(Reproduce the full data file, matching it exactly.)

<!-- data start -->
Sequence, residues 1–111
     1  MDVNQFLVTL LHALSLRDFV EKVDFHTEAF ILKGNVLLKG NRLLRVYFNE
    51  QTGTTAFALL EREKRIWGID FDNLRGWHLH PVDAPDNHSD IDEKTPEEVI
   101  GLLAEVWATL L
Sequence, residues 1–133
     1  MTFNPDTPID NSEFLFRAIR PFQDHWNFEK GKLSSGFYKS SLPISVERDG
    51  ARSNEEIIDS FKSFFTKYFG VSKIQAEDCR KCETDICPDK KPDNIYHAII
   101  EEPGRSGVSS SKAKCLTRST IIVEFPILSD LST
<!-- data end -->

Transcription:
Sequence, residues 1–111
     1  MDVNQFLVTL LHALSLRDFV EKVDFHTEAF ILKGNVLLKG NRLLRVYFNE
    51  QTGTTAFALL EREKRIWGID FDNLRGWHLH PVDAPDNHSD IDEKTPEEVI
   101  GLLAEVWATL L
Sequence, residues 1–133
     1  MTFNPDTPID NSEFLFRAIR PFQDHWNFEK GKLSSGFYKS SLPISVERDG
    51  ARSNEEIIDS FKSFFTKYFG VSKIQAEDCR KCETDICPDK KPDNIYHAII
   101  EEPGRSGVSS SKAKCLTRST IIVEFPILSD LST